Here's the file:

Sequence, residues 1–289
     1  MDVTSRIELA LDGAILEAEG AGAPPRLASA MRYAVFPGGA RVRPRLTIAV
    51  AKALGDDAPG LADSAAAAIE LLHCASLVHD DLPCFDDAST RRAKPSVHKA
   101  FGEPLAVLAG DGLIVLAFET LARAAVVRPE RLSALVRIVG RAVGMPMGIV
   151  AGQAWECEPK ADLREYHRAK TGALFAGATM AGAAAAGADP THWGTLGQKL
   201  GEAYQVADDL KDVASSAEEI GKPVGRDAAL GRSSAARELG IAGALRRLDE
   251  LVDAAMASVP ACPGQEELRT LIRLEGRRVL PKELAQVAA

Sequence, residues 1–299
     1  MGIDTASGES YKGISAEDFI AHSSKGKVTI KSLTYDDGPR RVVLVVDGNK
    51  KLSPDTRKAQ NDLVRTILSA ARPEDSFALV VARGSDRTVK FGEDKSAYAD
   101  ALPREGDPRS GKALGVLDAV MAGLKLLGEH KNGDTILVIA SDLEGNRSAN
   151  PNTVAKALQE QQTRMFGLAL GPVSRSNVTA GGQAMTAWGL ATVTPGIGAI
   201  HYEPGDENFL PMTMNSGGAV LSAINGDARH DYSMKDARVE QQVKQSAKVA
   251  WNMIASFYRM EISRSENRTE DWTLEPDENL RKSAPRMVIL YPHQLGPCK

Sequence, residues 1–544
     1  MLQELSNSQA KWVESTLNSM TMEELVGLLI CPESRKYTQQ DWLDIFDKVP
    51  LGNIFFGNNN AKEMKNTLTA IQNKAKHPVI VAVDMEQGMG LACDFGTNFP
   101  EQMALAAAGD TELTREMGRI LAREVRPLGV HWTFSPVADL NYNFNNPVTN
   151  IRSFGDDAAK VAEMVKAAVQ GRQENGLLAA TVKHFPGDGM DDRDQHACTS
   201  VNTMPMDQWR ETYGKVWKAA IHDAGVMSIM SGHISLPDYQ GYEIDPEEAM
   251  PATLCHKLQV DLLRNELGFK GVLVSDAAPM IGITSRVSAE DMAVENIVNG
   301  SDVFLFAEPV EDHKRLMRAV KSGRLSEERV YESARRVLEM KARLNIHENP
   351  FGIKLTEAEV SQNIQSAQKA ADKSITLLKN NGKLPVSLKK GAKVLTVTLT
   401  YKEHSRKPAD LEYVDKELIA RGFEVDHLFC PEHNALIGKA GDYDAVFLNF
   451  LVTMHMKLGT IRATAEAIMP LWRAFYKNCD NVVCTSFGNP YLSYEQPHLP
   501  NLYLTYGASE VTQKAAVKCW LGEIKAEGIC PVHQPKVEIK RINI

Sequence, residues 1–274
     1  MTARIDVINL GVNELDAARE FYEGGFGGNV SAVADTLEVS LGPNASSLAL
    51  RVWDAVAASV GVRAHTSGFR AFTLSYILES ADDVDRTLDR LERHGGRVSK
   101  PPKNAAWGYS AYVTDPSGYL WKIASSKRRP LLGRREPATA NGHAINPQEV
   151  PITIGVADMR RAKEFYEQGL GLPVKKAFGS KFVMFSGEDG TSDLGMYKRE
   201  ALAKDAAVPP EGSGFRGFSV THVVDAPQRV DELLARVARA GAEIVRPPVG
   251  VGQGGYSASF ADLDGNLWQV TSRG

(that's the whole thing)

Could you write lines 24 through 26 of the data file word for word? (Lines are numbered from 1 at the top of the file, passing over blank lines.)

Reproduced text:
   401  YKEHSRKPAD LEYVDKELIA RGFEVDHLFC PEHNALIGKA GDYDAVFLNF
   451  LVTMHMKLGT IRATAEAIMP LWRAFYKNCD NVVCTSFGNP YLSYEQPHLP
   501  NLYLTYGASE VTQKAAVKCW LGEIKAEGIC PVHQPKVEIK RINI